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Grab, an Uber Rival in Southeast Asia, Is Set to Raise $1 Billion
2016-08-03 08:27:15
Unimaple Technology Ltd.
(2016-08-03 08:28:11) dawei  As Uber Technologies Inc. turns away from China, a key competitor is raising funds to cement its dominance in Southeast Asia and fend off the San Francisco-based tech titan.

Uber’s decision to sell its China business to Didi Chuxing Technology Co. is giving Singapore-based Grab renewed confidence it can take on Uber and win on its home turf. Grab says it has captured much of Southeast Asia’s ride-hailing market with more than half of private car rides in the region.

Valued at $1.6 billion in its previous funding round, Grab is planning to raise around $1 billion in fresh capital from investors including Didi and Japan’s SoftBank Group Corp.,a person familiar with the situation said Wednesday. The first chunk of that fundraising, a $600 million dose, is expected to be completed this week, the person said.

Uber “lost once, and we will make them lose again,” Grab Chief Executive Anthony Tan wrote in an email to employees this week. “Didi’s success reinforces what we have believed all along,” that local players can beat Uber in their own backyard, he wrote.

The fresh injection of funds could help Harvard-educated Mr. Tan, 34, turn Grab into a broader platform, not just for rides, but also for mobile payments and delivery.

A Grab spokeswoman declined to comment on the fundraising.

The stakes are high for Grab and Uber in Southeast Asia. The ride-hailing market there is forecast to grow more than five times to $13.1 billion by 2025 from $2.5 billion last year, according to a recent report from Alphabet Inc.’s Google and Singapore state-investment firm Temasek Holdings.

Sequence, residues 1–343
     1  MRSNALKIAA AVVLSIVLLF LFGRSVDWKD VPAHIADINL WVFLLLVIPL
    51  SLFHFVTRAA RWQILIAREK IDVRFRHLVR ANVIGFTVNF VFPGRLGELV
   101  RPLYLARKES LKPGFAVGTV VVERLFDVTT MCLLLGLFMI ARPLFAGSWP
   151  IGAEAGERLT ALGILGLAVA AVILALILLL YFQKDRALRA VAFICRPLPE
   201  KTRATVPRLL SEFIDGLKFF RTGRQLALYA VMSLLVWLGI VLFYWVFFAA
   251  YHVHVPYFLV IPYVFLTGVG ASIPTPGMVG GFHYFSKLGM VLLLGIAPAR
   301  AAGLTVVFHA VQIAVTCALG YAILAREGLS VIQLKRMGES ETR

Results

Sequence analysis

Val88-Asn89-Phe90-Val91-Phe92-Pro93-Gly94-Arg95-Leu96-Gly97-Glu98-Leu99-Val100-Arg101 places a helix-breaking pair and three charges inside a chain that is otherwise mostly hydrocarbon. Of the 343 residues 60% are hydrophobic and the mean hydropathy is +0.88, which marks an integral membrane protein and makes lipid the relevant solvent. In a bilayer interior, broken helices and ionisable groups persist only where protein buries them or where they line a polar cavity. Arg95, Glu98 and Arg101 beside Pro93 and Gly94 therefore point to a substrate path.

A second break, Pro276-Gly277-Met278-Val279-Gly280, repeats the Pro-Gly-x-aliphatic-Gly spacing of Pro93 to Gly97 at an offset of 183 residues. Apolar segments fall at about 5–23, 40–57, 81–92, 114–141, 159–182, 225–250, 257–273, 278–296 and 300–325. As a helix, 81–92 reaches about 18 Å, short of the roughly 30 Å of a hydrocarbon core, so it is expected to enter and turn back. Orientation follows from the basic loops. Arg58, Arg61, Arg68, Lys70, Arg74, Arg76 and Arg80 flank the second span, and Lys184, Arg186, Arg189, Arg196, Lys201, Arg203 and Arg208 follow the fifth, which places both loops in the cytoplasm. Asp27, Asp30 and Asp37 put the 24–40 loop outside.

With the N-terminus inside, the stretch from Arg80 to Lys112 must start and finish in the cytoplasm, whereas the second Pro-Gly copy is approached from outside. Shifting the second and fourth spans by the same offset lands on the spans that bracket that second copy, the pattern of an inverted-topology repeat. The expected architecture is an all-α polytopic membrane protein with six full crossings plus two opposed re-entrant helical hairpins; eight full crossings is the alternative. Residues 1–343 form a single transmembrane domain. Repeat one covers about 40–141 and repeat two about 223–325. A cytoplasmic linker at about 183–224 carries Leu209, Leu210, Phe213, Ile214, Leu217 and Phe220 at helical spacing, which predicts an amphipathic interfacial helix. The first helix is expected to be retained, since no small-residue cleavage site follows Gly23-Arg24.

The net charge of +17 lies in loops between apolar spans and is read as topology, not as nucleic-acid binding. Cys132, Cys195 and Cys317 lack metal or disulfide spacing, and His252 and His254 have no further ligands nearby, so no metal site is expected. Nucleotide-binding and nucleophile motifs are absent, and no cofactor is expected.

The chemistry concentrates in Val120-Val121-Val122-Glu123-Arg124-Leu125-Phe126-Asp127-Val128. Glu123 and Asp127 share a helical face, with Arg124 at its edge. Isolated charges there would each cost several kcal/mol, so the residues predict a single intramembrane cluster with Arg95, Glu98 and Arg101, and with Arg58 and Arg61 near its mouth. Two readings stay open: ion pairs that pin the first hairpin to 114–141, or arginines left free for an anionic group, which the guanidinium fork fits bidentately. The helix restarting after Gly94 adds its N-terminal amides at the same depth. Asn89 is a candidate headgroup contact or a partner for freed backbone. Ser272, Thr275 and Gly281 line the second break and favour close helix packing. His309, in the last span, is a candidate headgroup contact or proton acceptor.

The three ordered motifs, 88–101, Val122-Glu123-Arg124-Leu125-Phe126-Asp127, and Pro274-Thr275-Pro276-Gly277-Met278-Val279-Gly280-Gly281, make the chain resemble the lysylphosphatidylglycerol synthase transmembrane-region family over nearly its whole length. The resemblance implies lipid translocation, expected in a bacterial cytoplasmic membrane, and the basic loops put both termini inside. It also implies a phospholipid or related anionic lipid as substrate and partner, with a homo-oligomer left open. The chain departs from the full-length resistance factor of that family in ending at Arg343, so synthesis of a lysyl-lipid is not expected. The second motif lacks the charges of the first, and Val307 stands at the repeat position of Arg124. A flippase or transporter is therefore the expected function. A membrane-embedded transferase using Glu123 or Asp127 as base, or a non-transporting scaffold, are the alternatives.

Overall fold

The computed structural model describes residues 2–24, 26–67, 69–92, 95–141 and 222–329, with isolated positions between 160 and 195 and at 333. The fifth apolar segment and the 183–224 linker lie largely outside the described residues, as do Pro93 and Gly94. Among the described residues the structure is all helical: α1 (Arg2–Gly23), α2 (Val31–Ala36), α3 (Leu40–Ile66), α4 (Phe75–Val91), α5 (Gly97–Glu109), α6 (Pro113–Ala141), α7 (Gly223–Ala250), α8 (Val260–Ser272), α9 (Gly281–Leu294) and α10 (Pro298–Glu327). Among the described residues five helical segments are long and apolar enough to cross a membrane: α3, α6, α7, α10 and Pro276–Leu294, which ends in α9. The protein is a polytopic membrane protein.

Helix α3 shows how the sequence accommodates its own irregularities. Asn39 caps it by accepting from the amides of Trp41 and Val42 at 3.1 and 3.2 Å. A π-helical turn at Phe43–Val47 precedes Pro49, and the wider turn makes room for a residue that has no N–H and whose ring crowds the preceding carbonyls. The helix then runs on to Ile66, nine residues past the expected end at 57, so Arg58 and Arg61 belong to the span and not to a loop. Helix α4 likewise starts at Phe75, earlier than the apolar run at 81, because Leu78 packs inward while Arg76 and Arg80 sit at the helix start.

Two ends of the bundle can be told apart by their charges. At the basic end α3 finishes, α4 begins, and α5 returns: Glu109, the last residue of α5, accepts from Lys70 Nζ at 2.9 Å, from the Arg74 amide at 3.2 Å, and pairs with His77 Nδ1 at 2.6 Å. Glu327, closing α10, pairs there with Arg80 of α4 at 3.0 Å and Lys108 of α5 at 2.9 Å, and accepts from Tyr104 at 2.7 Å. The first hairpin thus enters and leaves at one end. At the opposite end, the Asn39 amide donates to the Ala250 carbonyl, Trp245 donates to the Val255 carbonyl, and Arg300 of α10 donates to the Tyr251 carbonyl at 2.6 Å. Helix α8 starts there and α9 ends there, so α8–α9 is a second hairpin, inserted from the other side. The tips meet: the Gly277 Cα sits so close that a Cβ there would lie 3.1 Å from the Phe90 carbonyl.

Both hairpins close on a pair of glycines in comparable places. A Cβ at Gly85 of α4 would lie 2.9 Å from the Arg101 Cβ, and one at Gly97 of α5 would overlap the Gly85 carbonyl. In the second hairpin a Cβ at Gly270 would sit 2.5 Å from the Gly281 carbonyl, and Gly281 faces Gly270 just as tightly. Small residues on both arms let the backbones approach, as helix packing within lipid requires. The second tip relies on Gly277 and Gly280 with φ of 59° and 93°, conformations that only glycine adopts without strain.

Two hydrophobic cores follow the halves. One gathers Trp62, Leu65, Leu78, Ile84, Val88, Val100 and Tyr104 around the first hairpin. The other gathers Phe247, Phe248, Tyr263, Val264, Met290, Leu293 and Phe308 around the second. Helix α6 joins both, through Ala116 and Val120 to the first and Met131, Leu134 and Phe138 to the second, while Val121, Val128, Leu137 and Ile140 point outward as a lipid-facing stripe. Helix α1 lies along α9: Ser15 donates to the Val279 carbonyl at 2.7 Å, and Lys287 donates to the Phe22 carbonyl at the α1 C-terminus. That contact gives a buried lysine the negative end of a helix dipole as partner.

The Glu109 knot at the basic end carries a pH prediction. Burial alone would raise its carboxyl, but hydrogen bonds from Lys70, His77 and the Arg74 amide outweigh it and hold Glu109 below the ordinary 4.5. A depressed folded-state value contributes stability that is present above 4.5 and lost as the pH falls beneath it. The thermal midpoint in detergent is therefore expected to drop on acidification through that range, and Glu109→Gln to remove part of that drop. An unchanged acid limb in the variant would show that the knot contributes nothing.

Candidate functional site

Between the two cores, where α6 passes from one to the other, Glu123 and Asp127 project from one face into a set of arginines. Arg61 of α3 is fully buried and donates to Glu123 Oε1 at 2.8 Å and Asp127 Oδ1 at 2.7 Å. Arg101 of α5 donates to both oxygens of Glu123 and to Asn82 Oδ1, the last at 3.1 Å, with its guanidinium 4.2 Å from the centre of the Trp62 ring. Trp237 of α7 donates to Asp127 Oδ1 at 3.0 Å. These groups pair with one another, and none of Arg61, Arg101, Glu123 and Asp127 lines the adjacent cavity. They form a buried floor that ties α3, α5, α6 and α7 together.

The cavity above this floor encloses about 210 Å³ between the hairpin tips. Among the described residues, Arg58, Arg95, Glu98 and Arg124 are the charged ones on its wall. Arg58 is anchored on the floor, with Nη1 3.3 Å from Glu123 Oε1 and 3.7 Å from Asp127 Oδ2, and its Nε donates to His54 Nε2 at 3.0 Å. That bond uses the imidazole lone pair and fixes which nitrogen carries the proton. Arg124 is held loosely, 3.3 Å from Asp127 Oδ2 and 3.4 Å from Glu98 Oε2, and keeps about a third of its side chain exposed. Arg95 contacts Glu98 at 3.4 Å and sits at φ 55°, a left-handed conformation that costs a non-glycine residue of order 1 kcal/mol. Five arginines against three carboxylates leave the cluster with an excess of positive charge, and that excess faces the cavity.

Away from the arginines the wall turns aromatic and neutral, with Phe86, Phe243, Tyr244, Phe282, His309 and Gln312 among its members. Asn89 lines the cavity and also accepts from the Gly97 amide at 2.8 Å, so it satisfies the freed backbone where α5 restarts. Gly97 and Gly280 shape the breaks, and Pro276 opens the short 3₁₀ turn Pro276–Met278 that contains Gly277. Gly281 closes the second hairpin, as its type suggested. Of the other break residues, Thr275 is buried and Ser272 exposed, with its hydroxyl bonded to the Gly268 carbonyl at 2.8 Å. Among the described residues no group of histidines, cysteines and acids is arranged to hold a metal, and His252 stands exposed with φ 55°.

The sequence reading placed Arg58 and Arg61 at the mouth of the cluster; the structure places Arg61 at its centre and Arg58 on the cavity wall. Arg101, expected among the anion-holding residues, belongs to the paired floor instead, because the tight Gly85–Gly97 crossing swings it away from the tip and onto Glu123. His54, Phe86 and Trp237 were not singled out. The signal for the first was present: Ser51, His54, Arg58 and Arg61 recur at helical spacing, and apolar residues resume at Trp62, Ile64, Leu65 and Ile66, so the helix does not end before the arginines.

Grab, which launched in 2012 and offers private-cars, taxi and motorcycle rides, operates in 30 Southeast Asian cities across Indonesia, Malaysia, the Philippines, Singapore, Thailand and Vietnam. Mr. Tan has said his firm is profitable in some cities. The company currently has around $400 million in cash on its balance sheet before the new fundraising, according to the person familiar with the situation.
“With the deal in China, we expect Uber to turn more attention and divert resources to our region,” Mr. Tan said in his email, which was reviewed by The Wall Street Journal.

Indeed, the San Francisco ride-hailing giant is already planning new efforts as it turns away from China.

The deal with Didi frees “substantial resources for bold initiatives,” said Uber Chief Executive Travis Kalanick in a statement this week, citing its efforts in self-driving technology, food delivery, and logistics.

As many as 150 engineers based in San Francisco who have been dedicated to China will now begin working on new products for markets like those in Southeast Asia, according to an Uber official.

In India, where Uber competes with ANI Technologies Pvt’s Ola, the U.S. company will now hire more local engineers, the official said. Uber wants to boost its mapping capabilities for India and other high-growth markets, said the official.

Uber operates in 27 Indian cities, providing private-car and motorbike rides. Last year the company said it would invest $1 billion in the country.


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